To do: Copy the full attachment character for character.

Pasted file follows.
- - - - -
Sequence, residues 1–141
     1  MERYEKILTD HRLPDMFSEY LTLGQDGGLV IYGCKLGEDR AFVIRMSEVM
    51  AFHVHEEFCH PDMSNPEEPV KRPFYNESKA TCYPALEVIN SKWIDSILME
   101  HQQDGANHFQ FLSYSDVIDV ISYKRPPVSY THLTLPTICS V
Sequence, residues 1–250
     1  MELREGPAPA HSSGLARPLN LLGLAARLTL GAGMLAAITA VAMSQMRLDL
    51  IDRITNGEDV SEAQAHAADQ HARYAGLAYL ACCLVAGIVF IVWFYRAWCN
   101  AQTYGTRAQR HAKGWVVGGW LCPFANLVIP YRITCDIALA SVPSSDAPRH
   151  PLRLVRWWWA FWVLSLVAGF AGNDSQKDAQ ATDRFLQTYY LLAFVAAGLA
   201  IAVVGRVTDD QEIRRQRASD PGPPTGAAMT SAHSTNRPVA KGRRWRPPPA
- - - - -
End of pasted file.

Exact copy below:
Sequence, residues 1–141
     1  MERYEKILTD HRLPDMFSEY LTLGQDGGLV IYGCKLGEDR AFVIRMSEVM
    51  AFHVHEEFCH PDMSNPEEPV KRPFYNESKA TCYPALEVIN SKWIDSILME
   101  HQQDGANHFQ FLSYSDVIDV ISYKRPPVSY THLTLPTICS V
Sequence, residues 1–250
     1  MELREGPAPA HSSGLARPLN LLGLAARLTL GAGMLAAITA VAMSQMRLDL
    51  IDRITNGEDV SEAQAHAADQ HARYAGLAYL ACCLVAGIVF IVWFYRAWCN
   101  AQTYGTRAQR HAKGWVVGGW LCPFANLVIP YRITCDIALA SVPSSDAPRH
   151  PLRLVRWWWA FWVLSLVAGF AGNDSQKDAQ ATDRFLQTYY LLAFVAAGLA
   201  IAVVGRVTDD QEIRRQRASD PGPPTGAAMT SAHSTNRPVA KGRRWRPPPA